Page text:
By Ed Carter at

Your Business Identity

Branding is often the divider between a successful business and a middling one, and yet it’s still a commonly overlooked aspect of the work process by many entrepreneurs. Much of the reason for this comes down to a misunderstanding of what branding is and how to manage it consistently. In this first-look guide, Sign Biz explores its definitions, the way it can affect consumer interactions, and how to begin implementation.


In a sentence, branding is the identity of your business in the minds of the consumer. It is both critical for your business’s long-term success and challenging to get right. Developing a solid brand requires commitment, planning, and diligent work.

The question, then, is how can we shape and mold this identity in a way that is favorable for the company and, ultimately, its bottom line? For generations, brands have achieved this with the best creative talent. A few hundred highly-skilled copywriters, graphic designers, and marketing managers working in sync can sculpt a brand identity that is unmistakable in the mind of the consumer.

This creative team will attack three key components: voice, values, and design.


Your brand’s values are the guiding principles. It helps if you and your team also believe and abide by these values – often, companies will suggest they stand for one thing and then, internally, do something else. Your brand values will endear you to different sets of consumers, as well as affect business decisions and PR activity.


Your brand’s voice alludes to the way your brand speaks to its customers/clients through marketing and in all external-facing, company-related media. It should be built to reflect your key demographics and to help drive internal company OKRs (objectives and key results). This means that you have a set tone of writing and a specific lexicon that your writers will draw upon. If you are a B2B financial consultancy, this is more likely to be formal, jargonistic, and direct. If you are a consumer-facing teenage makeup brand, you may opt for something more casual and laissez-faire.


As the consumer’s first touchpoint, the design of your brand is arguably its most important component. Modern consumers will form a perception of your company immediately based on the colors you use, the shape of your typography, and the style of your logo. This is why it’s crucial to know exactly who you’re targeting, their preferences, their spending habits and to craft aesthetics around this data.

It’s important to note that all three branding components feed off one another. Ideally, your brand values should affect the way your company looks, and occasionally the way your company looks can feed back on the way it sounds or the things it purports to believe.


But wait, what if customers/clients only care about the product/service itself? Or, rather, isn’t all this superfluous? To answer that, it’s important to look into the statistics. Recent studies suggest that 89% of shoppers stay loyal to brands that share their values and 13% of consumers would pay up to 50% more for products or services if they had the impression that the business makes a positive world impact. In some markets, it may be true that branding has a diminished value but it is almost always integral to the advancement of small businesses. Acknowledging the weight of good branding in a company’s prospects is the first step towards wielding it to drive better results.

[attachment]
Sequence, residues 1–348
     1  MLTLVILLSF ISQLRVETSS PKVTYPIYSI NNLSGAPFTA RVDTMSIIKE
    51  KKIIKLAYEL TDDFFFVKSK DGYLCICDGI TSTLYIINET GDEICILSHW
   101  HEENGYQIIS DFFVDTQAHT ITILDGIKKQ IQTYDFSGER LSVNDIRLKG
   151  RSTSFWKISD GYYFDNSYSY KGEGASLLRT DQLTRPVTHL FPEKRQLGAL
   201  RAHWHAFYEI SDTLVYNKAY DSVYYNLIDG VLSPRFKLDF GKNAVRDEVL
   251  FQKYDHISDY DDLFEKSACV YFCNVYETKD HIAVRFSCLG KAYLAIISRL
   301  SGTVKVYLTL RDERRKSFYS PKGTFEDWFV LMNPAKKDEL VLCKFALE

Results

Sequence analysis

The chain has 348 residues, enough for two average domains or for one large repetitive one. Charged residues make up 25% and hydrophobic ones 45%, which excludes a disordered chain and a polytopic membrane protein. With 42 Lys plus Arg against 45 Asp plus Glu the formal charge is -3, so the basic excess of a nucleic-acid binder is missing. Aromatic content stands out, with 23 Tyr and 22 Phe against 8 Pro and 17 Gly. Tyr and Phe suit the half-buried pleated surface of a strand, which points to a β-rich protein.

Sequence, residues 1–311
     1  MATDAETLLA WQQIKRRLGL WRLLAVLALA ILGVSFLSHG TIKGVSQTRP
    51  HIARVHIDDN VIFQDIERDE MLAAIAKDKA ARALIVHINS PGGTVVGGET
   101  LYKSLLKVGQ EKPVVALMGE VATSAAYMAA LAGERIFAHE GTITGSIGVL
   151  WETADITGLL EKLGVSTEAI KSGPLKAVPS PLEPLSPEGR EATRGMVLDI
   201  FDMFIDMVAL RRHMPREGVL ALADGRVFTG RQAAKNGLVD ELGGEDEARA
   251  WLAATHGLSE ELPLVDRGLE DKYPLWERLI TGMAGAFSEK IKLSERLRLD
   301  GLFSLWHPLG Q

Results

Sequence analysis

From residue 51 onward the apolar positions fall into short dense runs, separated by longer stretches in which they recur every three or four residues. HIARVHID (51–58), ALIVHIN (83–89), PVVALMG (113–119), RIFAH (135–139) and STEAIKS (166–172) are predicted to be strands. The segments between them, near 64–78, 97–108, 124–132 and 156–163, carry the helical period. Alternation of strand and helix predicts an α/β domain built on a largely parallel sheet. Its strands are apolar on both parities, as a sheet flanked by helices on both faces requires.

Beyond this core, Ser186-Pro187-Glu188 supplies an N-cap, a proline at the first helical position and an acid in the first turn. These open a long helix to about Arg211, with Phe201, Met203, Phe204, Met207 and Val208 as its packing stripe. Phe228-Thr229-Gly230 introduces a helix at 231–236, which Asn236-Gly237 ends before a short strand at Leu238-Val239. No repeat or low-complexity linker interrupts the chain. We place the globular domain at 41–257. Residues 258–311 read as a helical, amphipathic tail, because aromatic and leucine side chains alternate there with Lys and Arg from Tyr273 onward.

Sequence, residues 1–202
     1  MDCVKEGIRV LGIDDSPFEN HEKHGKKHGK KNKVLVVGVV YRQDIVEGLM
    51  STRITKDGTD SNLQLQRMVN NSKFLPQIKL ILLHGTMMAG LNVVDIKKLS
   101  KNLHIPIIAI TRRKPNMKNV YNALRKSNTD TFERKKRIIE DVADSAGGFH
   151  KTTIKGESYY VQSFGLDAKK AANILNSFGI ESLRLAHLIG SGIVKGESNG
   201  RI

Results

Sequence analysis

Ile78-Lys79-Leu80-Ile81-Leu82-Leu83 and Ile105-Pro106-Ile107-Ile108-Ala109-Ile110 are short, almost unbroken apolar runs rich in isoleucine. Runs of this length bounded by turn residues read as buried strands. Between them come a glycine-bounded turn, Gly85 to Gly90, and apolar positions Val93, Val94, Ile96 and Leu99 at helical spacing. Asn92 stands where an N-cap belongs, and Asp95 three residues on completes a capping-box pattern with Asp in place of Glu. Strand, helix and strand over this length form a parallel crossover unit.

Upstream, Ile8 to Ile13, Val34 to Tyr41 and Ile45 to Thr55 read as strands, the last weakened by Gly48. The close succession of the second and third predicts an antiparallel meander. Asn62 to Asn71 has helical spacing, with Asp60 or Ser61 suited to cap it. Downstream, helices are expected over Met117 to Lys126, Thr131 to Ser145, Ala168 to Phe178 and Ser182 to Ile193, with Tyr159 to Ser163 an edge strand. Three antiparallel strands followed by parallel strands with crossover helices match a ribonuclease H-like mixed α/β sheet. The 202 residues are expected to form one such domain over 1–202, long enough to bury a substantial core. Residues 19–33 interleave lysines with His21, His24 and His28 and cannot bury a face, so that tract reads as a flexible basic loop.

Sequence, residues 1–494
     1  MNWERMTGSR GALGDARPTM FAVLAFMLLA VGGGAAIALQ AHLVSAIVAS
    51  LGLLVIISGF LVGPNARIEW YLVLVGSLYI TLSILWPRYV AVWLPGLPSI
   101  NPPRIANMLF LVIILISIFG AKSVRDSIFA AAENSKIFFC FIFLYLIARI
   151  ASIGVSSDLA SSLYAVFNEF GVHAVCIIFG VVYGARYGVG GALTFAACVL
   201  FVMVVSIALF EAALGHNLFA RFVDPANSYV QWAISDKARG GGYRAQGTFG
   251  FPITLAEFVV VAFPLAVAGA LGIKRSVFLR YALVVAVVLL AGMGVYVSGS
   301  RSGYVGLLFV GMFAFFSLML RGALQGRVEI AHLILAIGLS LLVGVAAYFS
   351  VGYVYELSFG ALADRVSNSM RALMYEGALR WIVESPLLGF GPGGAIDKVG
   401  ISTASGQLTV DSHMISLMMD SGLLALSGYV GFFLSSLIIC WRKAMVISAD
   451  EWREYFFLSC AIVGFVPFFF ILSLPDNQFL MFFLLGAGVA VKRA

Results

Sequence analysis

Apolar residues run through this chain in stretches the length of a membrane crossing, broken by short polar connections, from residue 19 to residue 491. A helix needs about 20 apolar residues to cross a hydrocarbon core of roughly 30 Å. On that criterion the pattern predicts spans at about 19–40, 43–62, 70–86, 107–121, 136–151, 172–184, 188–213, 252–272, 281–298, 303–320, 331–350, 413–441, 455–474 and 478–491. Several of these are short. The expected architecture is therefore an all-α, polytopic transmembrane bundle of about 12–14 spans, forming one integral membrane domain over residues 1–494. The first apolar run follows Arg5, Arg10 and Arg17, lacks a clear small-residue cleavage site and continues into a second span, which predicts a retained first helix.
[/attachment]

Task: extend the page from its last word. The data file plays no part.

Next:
We’ve spoken about the traditional process of branding and how it tends to favor those with a larger budget. So, assuming you’ve internalized the basics of branding, how can you compete? Fortunately for present-day entrepreneurs, we live in the era of disruptor brands. Small businesses have created all sorts of problems for large, incumbent corporations and one reason for this is due to plummeting costs of labor and the wide availability & mobility of creative talent.

If you want a designer, a writer, a strategist, or a creative director, you need not fork out a yearly salary (although that’s an option too). Your local sign shop has talent beyond strictly design- you get a perspective on effective visual communications and local permits, legal requirements for signage, branding, and much more. But if you need a specialized service, such as a writer or marketing professional, freelancing platforms have democratized the process and allow companies to browse, vet, negotiate with, and enlist professionals for only the duration of a project. The ease and breadth of these directories mean you have access to the full spectrum of talent at competitive prices.

If you’re on a shoestring or you’re confident enough in your own artistic sensibilities, it’s also possible to do much of the legwork on your own. For example, you can sketch out and provide examples of logos you like, then ask your local sign shop designer to build a logo for you. The shop professionals know good design, effective logotypes. You could also try following one of the many online guides to craft your own brand voice — employing it across social media and on your company site.

Once you have the foundations of branding in place, you’ll often find that the next steps (to do with marketing, sales, customer service, etc.) reveal themselves. For now, your main priority should be to craft a truly unique, personal identity that resonates with clients/customers and to stick with it consistently.

Credits: Photo Top- Pexels, Eva Bronzini